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By Debbie le Quesne

Marching slower – a lesson for us all in adapting to ageing

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I really intended to do this earlier, so please forgive me if this appears a little overdue. Ifind Remembrance Day deeply moving as we recall past and present heroes of conflict.

Like so many others, I watched the news bulletins, observed a silent tribute and dipped in and out of the televised Cenotaph commemoration.

But I was also touched by a lovely tale in the Mirror where a Remembrance Day parade was slowed down because elderly veterans were worried they’d be left behind.

Ex-servicemen Robin Scott-Smith, aged 79, complained that he could hardly catch his breath at the march through last year.

Council bosses moved swiftly to announce they would “alter the pace accordingly” at this year’s parade in Bolton, Greater Manchester.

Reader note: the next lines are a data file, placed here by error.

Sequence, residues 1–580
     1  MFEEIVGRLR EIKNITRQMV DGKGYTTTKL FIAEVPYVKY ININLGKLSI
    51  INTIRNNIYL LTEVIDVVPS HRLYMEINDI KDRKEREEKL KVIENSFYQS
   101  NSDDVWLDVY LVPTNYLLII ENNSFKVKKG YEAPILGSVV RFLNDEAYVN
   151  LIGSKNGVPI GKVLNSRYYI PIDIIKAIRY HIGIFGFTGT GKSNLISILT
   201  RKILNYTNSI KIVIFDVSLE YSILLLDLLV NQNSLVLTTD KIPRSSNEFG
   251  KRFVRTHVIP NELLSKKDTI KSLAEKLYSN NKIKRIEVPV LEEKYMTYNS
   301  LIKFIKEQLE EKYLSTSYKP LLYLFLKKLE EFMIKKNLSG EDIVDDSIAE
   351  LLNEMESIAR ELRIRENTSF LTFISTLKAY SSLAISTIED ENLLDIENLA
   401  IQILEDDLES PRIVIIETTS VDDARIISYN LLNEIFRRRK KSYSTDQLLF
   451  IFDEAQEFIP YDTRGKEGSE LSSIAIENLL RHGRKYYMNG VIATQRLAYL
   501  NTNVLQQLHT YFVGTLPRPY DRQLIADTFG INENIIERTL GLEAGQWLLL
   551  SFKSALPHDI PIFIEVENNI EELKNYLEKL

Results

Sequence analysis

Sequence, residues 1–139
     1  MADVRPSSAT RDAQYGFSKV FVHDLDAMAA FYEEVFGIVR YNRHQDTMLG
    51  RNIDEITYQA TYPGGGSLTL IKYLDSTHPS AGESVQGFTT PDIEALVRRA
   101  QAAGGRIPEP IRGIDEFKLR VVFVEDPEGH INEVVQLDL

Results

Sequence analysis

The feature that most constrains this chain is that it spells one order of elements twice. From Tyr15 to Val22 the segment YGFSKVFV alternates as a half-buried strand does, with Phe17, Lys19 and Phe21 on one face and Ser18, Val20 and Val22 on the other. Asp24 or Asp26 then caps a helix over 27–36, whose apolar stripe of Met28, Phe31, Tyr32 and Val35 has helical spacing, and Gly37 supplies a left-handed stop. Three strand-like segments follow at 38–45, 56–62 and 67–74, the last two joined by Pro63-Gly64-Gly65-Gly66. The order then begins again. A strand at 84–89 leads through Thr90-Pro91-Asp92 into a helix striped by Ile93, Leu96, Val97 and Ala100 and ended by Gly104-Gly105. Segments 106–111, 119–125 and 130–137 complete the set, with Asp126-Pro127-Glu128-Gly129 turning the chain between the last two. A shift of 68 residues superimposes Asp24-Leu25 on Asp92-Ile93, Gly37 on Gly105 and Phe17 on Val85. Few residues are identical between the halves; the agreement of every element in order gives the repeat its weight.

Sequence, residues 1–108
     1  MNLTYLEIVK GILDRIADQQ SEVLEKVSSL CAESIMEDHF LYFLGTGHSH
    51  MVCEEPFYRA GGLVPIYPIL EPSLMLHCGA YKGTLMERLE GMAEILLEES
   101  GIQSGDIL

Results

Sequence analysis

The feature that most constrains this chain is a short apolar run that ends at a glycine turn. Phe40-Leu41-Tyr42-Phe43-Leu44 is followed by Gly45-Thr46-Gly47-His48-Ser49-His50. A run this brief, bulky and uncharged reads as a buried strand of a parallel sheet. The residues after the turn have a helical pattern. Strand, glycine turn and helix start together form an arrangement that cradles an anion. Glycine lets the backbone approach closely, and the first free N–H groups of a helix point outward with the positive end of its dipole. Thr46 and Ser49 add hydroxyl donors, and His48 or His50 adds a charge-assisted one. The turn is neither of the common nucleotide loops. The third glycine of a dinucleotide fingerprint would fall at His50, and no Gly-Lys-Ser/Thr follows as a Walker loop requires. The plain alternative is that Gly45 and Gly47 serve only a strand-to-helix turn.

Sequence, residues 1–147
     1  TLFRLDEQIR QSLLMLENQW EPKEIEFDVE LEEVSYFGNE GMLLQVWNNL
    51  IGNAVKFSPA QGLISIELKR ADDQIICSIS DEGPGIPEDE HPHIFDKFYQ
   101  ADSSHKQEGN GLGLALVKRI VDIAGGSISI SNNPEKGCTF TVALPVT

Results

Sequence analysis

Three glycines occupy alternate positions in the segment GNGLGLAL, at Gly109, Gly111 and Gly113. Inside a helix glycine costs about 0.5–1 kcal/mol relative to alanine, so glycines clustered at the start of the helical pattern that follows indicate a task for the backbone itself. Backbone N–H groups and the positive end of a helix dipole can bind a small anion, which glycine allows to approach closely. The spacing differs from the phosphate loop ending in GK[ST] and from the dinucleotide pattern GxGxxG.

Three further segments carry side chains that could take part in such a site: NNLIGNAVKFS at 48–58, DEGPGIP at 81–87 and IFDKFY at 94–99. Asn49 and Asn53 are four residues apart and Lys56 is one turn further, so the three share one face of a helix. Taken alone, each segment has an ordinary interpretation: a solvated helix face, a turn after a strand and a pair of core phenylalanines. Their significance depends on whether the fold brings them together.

Mr Scott-Smith had said that some of the veterans were elderly and could not walk at the faster pace of the younger ones, and felt they could no longer take part.

Great outcome and a triumph for the elderly. Good isn’t it – one lone voice changed a whole parade and brought a whole new dynamic to personalised care. Well done, Robin.

 

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Written by debbielq

November 27, 2015 at 9:50 am

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